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Adding Value to Your Bookkeeping Clients in 2018

Feb 14th 2018
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Cloud-based technology vendors are producing more time-saving apps that automate everything from data entry to expense management -- tasks that used to fall in the laps of bookkeepers and accountants – at a pace that is making most professionals feel overwhelmed.

In the not-so-distant past, bookkeepers were expected to perform data entry, reconciliation, compliance and other similar tasks. Accountants would come in to do reporting and analytics, though generally either quarterly or at the end of the year, meaning the reports functioned more historical documents than actionable insights.

Now, many basic functions of bookkeeping and accounting have been automated and that trend is on the rise. According to the 2017 AICPA Business and Industry Economic Outlook Survey, accounting technology and IT is the strongest category of planned spending for businesses over the next 12 months, with an expected rate increase of 3.5 percent.

Are all these new technologies replacing the jobs of bookkeepers? Not at all, in fact I’d argue they’re freeing up bookkeepers to become even more valuable partners to their clients’ businesses.

How Bookkeepers are Adding Value

Technology has created a paradigm shift in the way organizations approach their financial information, and it is affecting what organizations want out of their accounting professionals. Now that bookkeeping is no longer about recording and reconciling data after the fact, today’s bookkeepers have access to real-time business transactions processed daily. This data, combined with industry experience and expertise, means the bookkeeper’s value is increasingly in consulting with their clients.

Helping organizations analyze and make decisions based on the data is a valuable — and highly sought-after — service. Clients want strategic advisors, not compliance and data entry experts. In fact, even back in 2013 a survey by technology consulting firm The Sleeter Group found that 72 percent of small business leaders had switched CPAs because their former CPA “didn’t give proactive advice, only reactive service.”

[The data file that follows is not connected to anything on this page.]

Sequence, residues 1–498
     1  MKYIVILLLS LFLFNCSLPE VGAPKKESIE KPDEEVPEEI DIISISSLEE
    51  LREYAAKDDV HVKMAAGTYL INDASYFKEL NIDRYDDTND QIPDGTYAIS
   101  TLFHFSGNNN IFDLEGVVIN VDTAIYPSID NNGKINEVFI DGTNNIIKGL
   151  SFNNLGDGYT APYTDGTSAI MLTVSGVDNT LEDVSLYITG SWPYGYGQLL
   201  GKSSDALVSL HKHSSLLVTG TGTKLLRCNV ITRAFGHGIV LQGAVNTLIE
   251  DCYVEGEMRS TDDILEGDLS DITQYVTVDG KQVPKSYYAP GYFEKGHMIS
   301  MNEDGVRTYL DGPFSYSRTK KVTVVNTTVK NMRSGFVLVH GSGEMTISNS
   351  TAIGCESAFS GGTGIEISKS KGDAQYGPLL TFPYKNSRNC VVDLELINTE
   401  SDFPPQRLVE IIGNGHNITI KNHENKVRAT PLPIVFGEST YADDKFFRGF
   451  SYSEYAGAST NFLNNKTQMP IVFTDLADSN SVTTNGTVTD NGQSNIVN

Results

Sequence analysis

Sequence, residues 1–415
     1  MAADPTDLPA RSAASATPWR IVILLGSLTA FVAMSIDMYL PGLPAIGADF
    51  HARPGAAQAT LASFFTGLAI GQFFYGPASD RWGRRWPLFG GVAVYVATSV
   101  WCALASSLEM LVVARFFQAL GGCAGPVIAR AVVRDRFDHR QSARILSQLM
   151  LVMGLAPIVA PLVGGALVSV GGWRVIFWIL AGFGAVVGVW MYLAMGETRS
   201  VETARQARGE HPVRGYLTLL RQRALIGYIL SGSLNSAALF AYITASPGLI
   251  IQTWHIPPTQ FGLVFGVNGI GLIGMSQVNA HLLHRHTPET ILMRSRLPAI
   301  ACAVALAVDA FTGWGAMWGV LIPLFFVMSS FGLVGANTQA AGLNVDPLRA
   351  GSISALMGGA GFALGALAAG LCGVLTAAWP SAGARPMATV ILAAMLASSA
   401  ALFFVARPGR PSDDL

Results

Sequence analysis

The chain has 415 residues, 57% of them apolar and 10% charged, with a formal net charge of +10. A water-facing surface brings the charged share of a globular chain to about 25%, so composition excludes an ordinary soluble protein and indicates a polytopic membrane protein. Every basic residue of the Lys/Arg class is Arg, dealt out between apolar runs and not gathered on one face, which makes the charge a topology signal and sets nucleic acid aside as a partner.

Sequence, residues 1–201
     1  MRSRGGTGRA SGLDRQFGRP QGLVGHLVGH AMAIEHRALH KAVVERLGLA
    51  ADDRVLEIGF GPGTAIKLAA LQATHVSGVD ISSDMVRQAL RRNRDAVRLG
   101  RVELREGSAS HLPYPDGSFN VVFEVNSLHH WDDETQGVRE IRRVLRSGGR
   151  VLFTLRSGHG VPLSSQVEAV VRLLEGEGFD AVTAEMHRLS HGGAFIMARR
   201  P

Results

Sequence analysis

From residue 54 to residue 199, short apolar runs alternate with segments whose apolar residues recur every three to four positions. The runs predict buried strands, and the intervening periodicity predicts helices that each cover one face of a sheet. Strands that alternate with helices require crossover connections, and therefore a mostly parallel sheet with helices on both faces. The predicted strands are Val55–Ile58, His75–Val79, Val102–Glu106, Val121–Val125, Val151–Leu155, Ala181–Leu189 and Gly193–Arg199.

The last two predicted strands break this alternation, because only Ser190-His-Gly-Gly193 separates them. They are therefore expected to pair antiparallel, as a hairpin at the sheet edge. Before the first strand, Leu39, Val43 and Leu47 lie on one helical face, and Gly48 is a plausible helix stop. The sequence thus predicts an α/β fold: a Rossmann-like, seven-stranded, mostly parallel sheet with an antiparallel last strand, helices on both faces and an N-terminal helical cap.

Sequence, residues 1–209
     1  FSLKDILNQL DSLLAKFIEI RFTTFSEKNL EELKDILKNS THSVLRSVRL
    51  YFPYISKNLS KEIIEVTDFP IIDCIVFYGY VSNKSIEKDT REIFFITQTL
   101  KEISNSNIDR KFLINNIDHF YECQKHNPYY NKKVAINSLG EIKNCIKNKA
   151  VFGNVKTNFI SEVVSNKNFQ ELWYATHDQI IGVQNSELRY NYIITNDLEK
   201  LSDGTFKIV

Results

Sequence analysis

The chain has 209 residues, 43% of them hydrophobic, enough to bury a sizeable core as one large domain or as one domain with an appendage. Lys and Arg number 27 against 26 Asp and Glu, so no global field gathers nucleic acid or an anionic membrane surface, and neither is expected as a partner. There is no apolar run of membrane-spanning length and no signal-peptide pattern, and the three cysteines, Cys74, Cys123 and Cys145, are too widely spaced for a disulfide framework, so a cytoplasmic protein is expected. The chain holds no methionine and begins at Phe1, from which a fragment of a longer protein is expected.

Your value is in being the educated, trusted individual who can help business owners make good decisions and leverage them with the least amount of manual labor.

How? In three broad areas:

1. Understanding KPIs and industry standard metrics. When you understand the KPIs of businesses similar to those of your clients, you can help them make smarter decisions about how to hit those metrics through benchmarking.

For example, you may realize what one client is paying for phone services is way out of line with similar businesses, and recommend they look into the VoIP system that several of your other clients uses. Or, you may offer to analyze the real-time data gathered from the sales team’s expense accounts to find trends and recommend ways to reduce it.

2. Implementing accounting technology stacks. Most of your clients know there are excellent accounting technology tools out there — but researching and evaluating solutions takes time your clients don’t have.

Your clients want your help in understanding the market and navigating the options. By making yourself the tech stack expert, you can help your clients implement the right solutions.

3. Defining and developing business and accounting processes. As part of your duties in analyzing data, you can also help your clients streamline their businesses and prevent problems. For example, if you notice an issue with missing receipts, you can recommend an expense tracking software. Or, recommend a bill paying software that helps prevent fraud.

Shifting Paradigms Requires Shifting Mindsets

For most of us who have been in the business a while, offering these sorts of services will require a new business model. Instead of using commodity-based pricing to sell hours or services, forward-thinking bookkeepers need to use value-based pricing to sell their expertise.

The good news is that this is potentially a more lucrative business model. Whereas the market generally sets the price on commoditized accounting services, a good CPA with a consulting mindset can set his or her own rates based on the value they bring to their clients.

The idea of an industry-wide shift can be unsettling, but I see it as one of the most exciting times to be in our industry. Bookkeeping is becoming a highly specialized profession, and good Accountants are now being valued more than ever for our business acumen and technical expertise. It’s important to become more than the bookkeeper by advising your clients on key decision-making areas.

In the rest of this series of articles, I will dig deeper into how to shift your own mindset, along with other next steps for accounting professionals who are ready to embrace this new paradigm.

AccountingWEB and Xero are proud to present this content through a four-part series. Xero shares in our commitment to help bookkeeping firms better serve their clients and drive growth. Learn more at